4. 4. Consumer ethnocentrism 439examine the differences of consumer ethno- concern was due to the time constraint.centrism in two sub-Chinese cultures, two Sample selection bias in both surveys wassurveys were administered separately in minimal and should not be of major concern.Shanghai, China, in November 2004 and in The total valid samples were 617 (93% of theTaipei, Taiwan, in December 2004. The trial total number of surveyed respondents), withsurveys were conducted in both cities prior to 336 samples in Taipei and 281 samples inthe formal surveys. Questionnaires used in Shanghai. The comparisons of age distributionsTaipei were printed in Traditional Chinese of valid samples with the latest censuses inCharacters. For the questionnaires used in both cities are listed in Table 1. RespondentsShanghai, Simplified Chinese Characters were in Shanghai were about a year younger thanapplied to lessen the difficulties of respondents respondents in Taipei. In general, survey datain understanding the questions. The stratified obtained in Taipei and in Shanghai weresampling method was used following the age composed of respondents from various ageand gender distributions of the populations ranges and should be representative in thesebetween the ages of 15 and 64 in Taipei and in age groups.Shanghai. Trained surveyors personally inter- The survey data in Taipei consisted of 58.93viewed 321 respondents in Shanghai and per cent married respondents, while it in341 respondents in Taipei. The surveys were Shanghai of 63.12 per cent. Personal averageconducted at the public areas like memorial monthly income of respondents in Taipei wasparks, train stations and entrances of super- USD 1032.56 while in Shanghai was USDmarkets where respondents were easily acces- 353.75. Educational level of respondents insible. A gift worth about 1 US dollar was Taipei was relatively higher than it of respon-provided to each respondent before the survey dents in Shanghai. The percentage of respon-started. Surveyors were not to interfere with dents in Taipei having educational levels ofhow respondents answered the questions junior high school or less was 6.85, of seniorduring the survey. For any reason respondents high school was 24.40, of college was 59.23decided to terminate the survey, the gifts were and of graduate school was 9.52. On thenot retrieved back and the questionnaires contrary, 17.02 per cent of respondents inwere discarded. Respondents needed around Shanghai had educational levels of junior high20–30 minutes to finish the survey. For school of less, 38.65 per cent had senior highrespondents who did not wish to participate school education, 42.20 per cent had finishedor did not finish the questionnaires, the major college and 2.13 per cent had studied inTable 1. Age distributions of samples and the censuses Survey in 2003 Census Survey in 2000 Census Taipei in Taipei Shanghai in ShanghaiGender (% Male) 46.73 48.00 (age 15–64) 54.61 52.35 (age 15–64)Average age (years) 36.88 — 35.74 —Age ranges (%) Male Female Male Female Male Female Male Female15–24 9.23 11.01 10.11 9.76 10.99 13.83 10.76 10.4025–34 10.42 11.90 10.17 11.29 14.54 9.22 11.84 10.1235–44 11.01 14.29 11.27 12.91 13.83 9.93 13.60 12.0245–54 11.31 10.71 10.98 11.94 10.28 8.51 11.12 10.2055–64 4.76 5.36 5.47 6.10 4.96 3.90 5.02 4.91Source: The Census in Taipei was from the Ministry of the Interior (2004) and the Census in Shanghai was from theBureau of Statistics of Shanghai (2002).Copyright # 2008 John Wiley Sons, Ltd. Journal of Consumer Behaviour, December 2008 DOI: 10.1002/cb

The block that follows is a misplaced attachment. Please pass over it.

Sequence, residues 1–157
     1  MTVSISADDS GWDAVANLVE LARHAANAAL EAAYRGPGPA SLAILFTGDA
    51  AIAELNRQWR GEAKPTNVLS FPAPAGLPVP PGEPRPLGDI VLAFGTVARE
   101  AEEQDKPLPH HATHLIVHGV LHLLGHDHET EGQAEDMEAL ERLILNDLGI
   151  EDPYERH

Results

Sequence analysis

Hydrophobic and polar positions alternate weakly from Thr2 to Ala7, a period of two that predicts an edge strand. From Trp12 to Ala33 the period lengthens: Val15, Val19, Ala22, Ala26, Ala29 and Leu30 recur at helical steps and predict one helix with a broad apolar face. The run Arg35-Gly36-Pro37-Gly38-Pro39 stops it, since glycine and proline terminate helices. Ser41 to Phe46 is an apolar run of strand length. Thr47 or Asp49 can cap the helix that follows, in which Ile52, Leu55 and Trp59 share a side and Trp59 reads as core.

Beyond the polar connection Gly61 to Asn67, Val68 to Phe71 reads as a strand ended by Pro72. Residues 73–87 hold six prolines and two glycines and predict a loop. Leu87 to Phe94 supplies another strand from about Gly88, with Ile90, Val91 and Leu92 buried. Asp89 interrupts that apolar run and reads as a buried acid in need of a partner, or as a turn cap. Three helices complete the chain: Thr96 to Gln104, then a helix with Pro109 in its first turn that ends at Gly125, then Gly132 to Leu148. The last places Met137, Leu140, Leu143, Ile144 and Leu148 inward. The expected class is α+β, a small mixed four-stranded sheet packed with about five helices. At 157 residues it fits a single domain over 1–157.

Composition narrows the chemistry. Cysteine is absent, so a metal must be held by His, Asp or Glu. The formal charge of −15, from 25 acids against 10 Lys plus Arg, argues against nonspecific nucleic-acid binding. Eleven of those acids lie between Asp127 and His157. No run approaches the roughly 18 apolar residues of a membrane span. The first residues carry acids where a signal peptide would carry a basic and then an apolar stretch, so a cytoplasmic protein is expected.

5. 5. 440 Jane Lu Hsu and Han-Peng Niengraduate schools. Average family sizes were respondents with similar characteristics into4.22 persons in Taipei and 3.47 in Shanghai. In the same segment, while separating respon-sum, compared with respondents in Shanghai, dents with distinct characteristics into differ-the respondents in Taipei were relatively ent segments. The non-hierarchical clusteringwealthier with higher educational levels and method, K-Means Approach, is applied in thisliving in larger households. study. The classification process is iterated to reduce the possibilities of assigning obser- vations into a segment that cannot bestAnalytical methods describe the characteristics of observations.Descriptive statistics, factor analysis, probitmodels and cluster analysis were applied in Resultsthis study to examine the differences ofconsumer ethnocentrism in two Chinese In order to compare the cultural differencessocieties and further to reveal influences of between two sub-cultures in two populatedconsumer ethnocentrism on preferences of Chinese cities in terms of westernisation, adomestic products. In this study, the maximum number of questions related to westernisedlikelihood method was applied with the lifestyles were included in the questionnaires.Varimax rotation method for generating fac- Factor analysis was applied to extract under-tors with meaningful interpretations. The lying factors of westernisation that could beprobit model was applied in this study to further used in probit models to revealreveal how variables affect the possibilities of influences of westernisation on preferencesselecting brands of mobile phones produced of domestic brands. Table 2 lists the results ofdomestically. The probit model examines the factor analysis for datasets of Taipei andchoice behaviour of individuals when two Shanghai. Based on the scree plots andalternatives are available and one has to be eigenvalues resulted from the principal com-chosen (Judge et al., 1988). ponents analysis, four factors were considered Cluster analysis was applied in this study to to be appropriate to explain the uniquesegment respondents of different levels of patterns of westernisation of respondentsconsumer ethnocentrism and to reveal pre- in Taipei and in Shanghai. For respondentsferences of mobile phones in terms of country in Taipei, westernisation could be described inof origin. Cluster analysis is capable to classify dimensions of experience, fashion, global viewTable 2. Factors of westernisation of respondents in Taipei and in Shanghai Factors of respondents’ westernisation in TaipeiFactor 1 (experience) Factor 2 (fashion) Factor 3 (global view) Factor 4 (event)Travel overseas Prefer western clothing styles Accept other cultures Watch foreign sports gamesWatch foreign movies Purchase imported brands Prefer western education Attend parties of foreignersInteract with foreignersTaste foreign foods Factors of respondents’ westernisation in ShanghaiFactor 1 (foreign superiority) Factor 2 (experience) Factor 3 (interaction) Factor 4 (media contact)Purchase imported brands Taste foreign foods Attend parties of foreigners Watch foreign sports gamesPrefer western clothing styles Travel overseas Interact with foreigners Watch foreign moviesPrefer western educationAccept other culturesCopyright # 2008 John Wiley Sons, Ltd. Journal of Consumer Behaviour, December 2008 DOI: 10.1002/cb